In the s, English Puritans under Oliver Cromwell rebelled, took over the government, and killed the king. The nobles not unreasonably started looking to get the heck out.
Virginia had been kind of a wreck ever since most of the original Jamestown settlers had mostly died of disease.Register with us today and in less than 60 seconds continue your access to: Latest news headlines Analytical topics and features Commodities videos, podcast & blogs Sample market prices & data Special reports Subscriber notes & daily commodity email alerts.
Kammen, Michael. Deputyes and Libertyes: The Origins of Representative Government in Colonial America. New York: Alfred A. Knopf, Padover, Saul K. The World of the Founding Fathers.
New York: A. S. Barnes and Company, Virginia th Anniversary Celebration Corporation. The Three Charters of the Virginia Company of London. Colonial American beverages Hot, non-alcoholic Coffee, tea and chocolate were popular non-alcoholic hot beverages during American Colonial times.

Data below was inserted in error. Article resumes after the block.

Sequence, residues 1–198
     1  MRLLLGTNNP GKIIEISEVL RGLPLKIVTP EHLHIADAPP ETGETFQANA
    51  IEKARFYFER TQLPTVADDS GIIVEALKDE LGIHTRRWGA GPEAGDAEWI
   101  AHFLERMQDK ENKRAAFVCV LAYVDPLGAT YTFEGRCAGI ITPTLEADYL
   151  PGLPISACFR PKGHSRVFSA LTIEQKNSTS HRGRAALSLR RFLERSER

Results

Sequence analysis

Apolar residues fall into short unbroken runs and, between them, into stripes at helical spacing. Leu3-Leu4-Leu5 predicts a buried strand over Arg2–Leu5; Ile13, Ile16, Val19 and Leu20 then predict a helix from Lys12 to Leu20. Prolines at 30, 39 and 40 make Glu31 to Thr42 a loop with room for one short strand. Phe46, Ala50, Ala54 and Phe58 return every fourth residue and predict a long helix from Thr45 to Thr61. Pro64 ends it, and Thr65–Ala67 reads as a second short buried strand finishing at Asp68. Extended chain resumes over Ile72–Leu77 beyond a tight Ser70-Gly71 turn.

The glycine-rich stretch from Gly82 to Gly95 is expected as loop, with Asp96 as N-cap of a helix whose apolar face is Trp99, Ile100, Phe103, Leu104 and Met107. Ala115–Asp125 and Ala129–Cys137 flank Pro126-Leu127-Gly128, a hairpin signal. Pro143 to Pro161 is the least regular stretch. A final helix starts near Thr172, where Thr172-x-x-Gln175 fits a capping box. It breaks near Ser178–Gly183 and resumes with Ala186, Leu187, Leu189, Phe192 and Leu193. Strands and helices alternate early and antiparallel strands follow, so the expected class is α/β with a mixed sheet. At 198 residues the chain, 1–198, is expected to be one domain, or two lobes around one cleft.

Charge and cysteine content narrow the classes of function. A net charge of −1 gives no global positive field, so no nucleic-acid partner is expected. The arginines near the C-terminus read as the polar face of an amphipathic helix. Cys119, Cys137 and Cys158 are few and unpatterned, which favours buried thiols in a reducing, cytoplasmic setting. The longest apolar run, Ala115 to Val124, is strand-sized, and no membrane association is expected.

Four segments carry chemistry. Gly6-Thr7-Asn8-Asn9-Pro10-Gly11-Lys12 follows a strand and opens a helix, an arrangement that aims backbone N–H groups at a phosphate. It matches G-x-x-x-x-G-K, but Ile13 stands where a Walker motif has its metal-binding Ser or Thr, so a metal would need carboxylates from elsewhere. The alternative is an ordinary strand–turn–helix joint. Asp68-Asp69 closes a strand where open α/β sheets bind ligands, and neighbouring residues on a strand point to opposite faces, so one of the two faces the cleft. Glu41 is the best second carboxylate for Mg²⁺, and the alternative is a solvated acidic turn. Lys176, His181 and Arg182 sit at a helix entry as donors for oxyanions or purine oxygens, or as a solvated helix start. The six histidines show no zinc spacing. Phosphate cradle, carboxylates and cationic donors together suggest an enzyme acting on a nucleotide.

These imports were expensive, but not beyond the reach of the average person. Folks too poor to afford the real thing brewed hot beverages from herbs, flowers, bark, roots, and woody stems. This article's lead section may be too long for the length of the article.
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Please discuss this issue on the article's talk page. (June ). Elections in Colonial Virginia Contributed by John G. Kolp Elections were an integral part of the colonial political system and used primarily to choose members of the House of Burgesses, the lower house of the General Assembly in Virginia, and less frequently to select members of the vestry in .
Virginia's economy, for most of the colonial period, relied on this one product. This meant that all farmers, large and small, had similar interests: the price of tobacco, the size of the English import tax, and the access to foreign markets allowed by British trade policy.